“Remember when we went camping and I got lost in the woods and I remembered you told me that if I got lost to stay where I was and Daddy found me and you were crying, Mommy, and you hugged me and hugged me?” This is a memory packed with priceless growth in confidence in self and family and assurance of parental love. I hope it becomes a story that is told frequently in this family for years after.
“Remember when we went to Disneyland and the car broke down and Mom and Dad had a horrible fight and Dad threw the keys away and marched off and Mom sat down and cried. But then Dad came back and told Mom he was sorry and she said she was sorry too and we put up the tent and camped right there and made popcorn for supper and it was more fun than even the rides at Disneyland. Mom and Dad love to laugh about it now.” Think of the subtleties this child learned about fighting and making up and being able to say you’re sorry. I hope this one becomes part of the family history as well.
“I remember when I tried out for the travel team but didn’t make it. I felt awful. Then Daddy told me that the same thing happened to him when he was little and he was afraid his Dad was disappointed in him. But he found out he wasn’t, and he and his Dad practiced in the backyard all summer and the next year he made the team. I asked Daddy if he would practice with me and he said that would be more fun than anything else he could think of. We had so much fun that summer!”
What if the two camping stories had instead been processed as “Remember those awful camping trips? I never want to go camping again.” And what if the tryout experience was simply not talked about because “it’s better not to talk about painful experiences. Don’t mention it and he’ll forget about it.” And maybe he will. Maybe he’ll push it right out of his memory. But maybe the next time he has the opportunity to risk failing at something he’ll say, “I don’t want to try out. I don’t want to play anyway.”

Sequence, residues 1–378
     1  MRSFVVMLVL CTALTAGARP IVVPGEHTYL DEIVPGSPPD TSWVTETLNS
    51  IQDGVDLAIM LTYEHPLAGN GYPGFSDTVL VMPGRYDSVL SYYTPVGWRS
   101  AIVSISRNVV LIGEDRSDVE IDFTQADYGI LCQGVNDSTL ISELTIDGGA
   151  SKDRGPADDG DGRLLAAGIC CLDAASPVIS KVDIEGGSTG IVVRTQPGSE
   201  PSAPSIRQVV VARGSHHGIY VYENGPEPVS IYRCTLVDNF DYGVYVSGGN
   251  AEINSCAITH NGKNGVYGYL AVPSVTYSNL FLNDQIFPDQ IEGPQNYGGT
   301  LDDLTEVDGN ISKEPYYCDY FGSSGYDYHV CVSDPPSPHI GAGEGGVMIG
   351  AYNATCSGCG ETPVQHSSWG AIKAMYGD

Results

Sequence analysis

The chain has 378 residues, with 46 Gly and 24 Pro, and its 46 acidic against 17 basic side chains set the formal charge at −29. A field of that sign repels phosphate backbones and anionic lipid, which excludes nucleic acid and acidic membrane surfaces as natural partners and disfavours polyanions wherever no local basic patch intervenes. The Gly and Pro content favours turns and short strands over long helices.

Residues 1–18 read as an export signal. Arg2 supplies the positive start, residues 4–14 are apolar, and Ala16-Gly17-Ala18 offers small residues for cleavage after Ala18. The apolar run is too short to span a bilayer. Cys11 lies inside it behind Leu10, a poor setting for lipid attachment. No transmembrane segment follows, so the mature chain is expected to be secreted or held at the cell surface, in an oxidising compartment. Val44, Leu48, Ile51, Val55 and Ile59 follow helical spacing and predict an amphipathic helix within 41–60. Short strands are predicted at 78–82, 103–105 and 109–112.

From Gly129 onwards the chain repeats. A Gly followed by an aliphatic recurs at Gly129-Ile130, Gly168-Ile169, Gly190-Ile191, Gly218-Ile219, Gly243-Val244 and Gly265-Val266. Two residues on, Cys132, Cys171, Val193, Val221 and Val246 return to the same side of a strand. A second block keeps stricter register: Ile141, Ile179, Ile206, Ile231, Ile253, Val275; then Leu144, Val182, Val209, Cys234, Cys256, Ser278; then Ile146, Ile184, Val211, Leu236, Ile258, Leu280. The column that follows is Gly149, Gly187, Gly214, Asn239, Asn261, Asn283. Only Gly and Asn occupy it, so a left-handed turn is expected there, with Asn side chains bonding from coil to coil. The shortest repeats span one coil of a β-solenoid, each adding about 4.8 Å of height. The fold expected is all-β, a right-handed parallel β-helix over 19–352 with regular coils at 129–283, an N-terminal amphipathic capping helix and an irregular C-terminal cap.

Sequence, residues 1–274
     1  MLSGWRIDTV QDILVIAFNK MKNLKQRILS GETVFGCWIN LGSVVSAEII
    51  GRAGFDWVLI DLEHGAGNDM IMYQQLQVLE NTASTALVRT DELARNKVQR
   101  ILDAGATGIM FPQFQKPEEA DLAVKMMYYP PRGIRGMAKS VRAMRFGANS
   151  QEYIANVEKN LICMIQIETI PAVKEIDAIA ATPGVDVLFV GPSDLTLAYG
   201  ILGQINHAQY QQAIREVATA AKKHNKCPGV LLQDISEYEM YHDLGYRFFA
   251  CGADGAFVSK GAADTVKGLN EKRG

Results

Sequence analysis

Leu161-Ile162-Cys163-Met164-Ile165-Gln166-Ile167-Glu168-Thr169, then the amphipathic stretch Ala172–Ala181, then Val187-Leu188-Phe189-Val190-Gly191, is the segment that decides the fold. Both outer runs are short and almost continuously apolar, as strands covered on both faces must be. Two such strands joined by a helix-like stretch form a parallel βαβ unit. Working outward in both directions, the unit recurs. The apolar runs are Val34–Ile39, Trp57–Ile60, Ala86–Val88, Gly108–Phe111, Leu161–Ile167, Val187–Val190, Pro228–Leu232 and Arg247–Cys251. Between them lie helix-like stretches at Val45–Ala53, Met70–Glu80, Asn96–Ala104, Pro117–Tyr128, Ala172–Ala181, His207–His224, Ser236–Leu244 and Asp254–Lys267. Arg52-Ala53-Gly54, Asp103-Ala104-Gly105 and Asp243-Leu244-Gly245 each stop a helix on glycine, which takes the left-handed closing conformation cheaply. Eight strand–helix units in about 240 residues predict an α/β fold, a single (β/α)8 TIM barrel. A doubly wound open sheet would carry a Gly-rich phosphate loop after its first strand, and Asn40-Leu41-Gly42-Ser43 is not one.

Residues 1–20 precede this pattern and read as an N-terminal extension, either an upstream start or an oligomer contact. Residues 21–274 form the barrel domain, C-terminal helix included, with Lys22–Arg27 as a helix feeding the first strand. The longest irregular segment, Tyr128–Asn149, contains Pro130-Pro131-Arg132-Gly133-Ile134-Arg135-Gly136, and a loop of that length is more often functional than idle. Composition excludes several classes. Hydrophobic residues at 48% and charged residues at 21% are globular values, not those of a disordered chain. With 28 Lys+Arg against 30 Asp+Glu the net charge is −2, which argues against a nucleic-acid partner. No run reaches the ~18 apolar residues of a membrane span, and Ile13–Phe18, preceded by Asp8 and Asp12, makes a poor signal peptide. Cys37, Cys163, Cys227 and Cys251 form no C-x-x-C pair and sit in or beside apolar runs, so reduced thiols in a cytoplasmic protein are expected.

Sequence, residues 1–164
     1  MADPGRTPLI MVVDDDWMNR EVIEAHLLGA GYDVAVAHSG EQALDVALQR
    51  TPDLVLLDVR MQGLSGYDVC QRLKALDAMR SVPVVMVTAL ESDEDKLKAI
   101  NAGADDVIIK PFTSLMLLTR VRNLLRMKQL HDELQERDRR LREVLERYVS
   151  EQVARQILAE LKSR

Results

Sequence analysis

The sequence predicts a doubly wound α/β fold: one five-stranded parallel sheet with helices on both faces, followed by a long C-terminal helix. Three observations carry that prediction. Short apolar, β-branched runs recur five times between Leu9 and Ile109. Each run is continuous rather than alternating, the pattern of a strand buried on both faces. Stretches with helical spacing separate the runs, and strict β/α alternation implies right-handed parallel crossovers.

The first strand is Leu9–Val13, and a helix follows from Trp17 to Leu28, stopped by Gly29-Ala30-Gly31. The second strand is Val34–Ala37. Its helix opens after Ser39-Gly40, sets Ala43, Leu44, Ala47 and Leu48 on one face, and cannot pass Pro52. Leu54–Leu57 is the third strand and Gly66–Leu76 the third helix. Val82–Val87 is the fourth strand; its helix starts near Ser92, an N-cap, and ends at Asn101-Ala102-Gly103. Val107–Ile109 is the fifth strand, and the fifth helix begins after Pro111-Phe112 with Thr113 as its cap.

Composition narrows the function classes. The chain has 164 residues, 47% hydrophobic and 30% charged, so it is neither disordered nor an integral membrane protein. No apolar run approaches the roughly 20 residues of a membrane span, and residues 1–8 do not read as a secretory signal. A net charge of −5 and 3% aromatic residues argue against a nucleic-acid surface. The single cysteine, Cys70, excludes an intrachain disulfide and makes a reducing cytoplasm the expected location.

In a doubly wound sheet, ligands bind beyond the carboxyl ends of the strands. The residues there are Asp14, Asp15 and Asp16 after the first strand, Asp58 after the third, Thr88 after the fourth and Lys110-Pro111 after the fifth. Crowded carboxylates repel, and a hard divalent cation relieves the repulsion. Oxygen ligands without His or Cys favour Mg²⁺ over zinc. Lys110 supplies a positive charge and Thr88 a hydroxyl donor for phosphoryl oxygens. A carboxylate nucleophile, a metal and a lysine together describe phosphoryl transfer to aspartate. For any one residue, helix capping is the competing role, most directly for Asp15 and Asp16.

Memories can have an incredible power to define who we are and to support us in that definition for years to come. But before they can do this, they must be processed by the child. Parents have the opportunity to help make this processing a chance for growth in self-knowledge, resilience, trust, empathy, and optimism. And when stories are recalled over and over, they can be an ongoing source of support. So relive your family’s experiences, both joys and struggles, with photos, stories and rituals. Display in prominent places photos of loved ones who have died or are far away. Take time to sit together and look at albums and scrapbooks and recall not just the facts they represent but the feelings surrounding those facts. Don’t let the demands of the present (OMG, we’ll be late!) or the sacrifices you are willing to make for a future goal (This is a study night. You’ve got to do well on that test tomorrow) rob you of the gifts offered by recall of well-processed memories of the past.
Carol Tolonen is a developmental psychologist and parenting coach. She is trained as a psychotherapist and as a spiritual counselor. She has 26 years experience teaching science and outdoor education to the children at Putnam Indian Field School.